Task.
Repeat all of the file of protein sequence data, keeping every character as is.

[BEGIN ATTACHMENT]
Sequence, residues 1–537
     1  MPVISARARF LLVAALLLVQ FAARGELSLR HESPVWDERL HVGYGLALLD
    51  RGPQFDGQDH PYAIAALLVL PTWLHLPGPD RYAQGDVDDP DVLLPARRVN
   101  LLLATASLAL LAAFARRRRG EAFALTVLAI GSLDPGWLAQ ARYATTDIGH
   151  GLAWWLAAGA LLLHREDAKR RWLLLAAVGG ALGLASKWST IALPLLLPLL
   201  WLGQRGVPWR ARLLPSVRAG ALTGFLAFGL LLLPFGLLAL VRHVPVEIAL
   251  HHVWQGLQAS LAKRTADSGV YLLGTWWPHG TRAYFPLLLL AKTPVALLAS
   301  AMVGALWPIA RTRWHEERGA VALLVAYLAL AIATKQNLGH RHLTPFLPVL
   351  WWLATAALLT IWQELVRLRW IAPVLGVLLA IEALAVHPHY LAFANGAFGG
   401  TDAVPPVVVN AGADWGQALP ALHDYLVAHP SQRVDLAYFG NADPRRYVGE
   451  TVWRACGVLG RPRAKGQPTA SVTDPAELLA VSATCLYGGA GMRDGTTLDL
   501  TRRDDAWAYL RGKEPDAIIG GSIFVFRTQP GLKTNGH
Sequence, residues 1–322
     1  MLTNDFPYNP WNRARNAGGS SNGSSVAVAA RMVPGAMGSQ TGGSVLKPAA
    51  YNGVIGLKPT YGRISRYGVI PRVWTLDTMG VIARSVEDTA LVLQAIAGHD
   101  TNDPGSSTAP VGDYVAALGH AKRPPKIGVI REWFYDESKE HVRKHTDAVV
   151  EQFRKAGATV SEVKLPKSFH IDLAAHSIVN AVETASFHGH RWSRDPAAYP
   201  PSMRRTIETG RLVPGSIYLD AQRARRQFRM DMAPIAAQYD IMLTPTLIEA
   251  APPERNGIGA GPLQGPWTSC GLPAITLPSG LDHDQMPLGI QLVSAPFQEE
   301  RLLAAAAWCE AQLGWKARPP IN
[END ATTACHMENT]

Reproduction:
Sequence, residues 1–537
     1  MPVISARARF LLVAALLLVQ FAARGELSLR HESPVWDERL HVGYGLALLD
    51  RGPQFDGQDH PYAIAALLVL PTWLHLPGPD RYAQGDVDDP DVLLPARRVN
   101  LLLATASLAL LAAFARRRRG EAFALTVLAI GSLDPGWLAQ ARYATTDIGH
   151  GLAWWLAAGA LLLHREDAKR RWLLLAAVGG ALGLASKWST IALPLLLPLL
   201  WLGQRGVPWR ARLLPSVRAG ALTGFLAFGL LLLPFGLLAL VRHVPVEIAL
   251  HHVWQGLQAS LAKRTADSGV YLLGTWWPHG TRAYFPLLLL AKTPVALLAS
   301  AMVGALWPIA RTRWHEERGA VALLVAYLAL AIATKQNLGH RHLTPFLPVL
   351  WWLATAALLT IWQELVRLRW IAPVLGVLLA IEALAVHPHY LAFANGAFGG
   401  TDAVPPVVVN AGADWGQALP ALHDYLVAHP SQRVDLAYFG NADPRRYVGE
   451  TVWRACGVLG RPRAKGQPTA SVTDPAELLA VSATCLYGGA GMRDGTTLDL
   501  TRRDDAWAYL RGKEPDAIIG GSIFVFRTQP GLKTNGH
Sequence, residues 1–322
     1  MLTNDFPYNP WNRARNAGGS SNGSSVAVAA RMVPGAMGSQ TGGSVLKPAA
    51  YNGVIGLKPT YGRISRYGVI PRVWTLDTMG VIARSVEDTA LVLQAIAGHD
   101  TNDPGSSTAP VGDYVAALGH AKRPPKIGVI REWFYDESKE HVRKHTDAVV
   151  EQFRKAGATV SEVKLPKSFH IDLAAHSIVN AVETASFHGH RWSRDPAAYP
   201  PSMRRTIETG RLVPGSIYLD AQRARRQFRM DMAPIAAQYD IMLTPTLIEA
   251  APPERNGIGA GPLQGPWTSC GLPAITLPSG LDHDQMPLGI QLVSAPFQEE
   301  RLLAAAAWCE AQLGWKARPP IN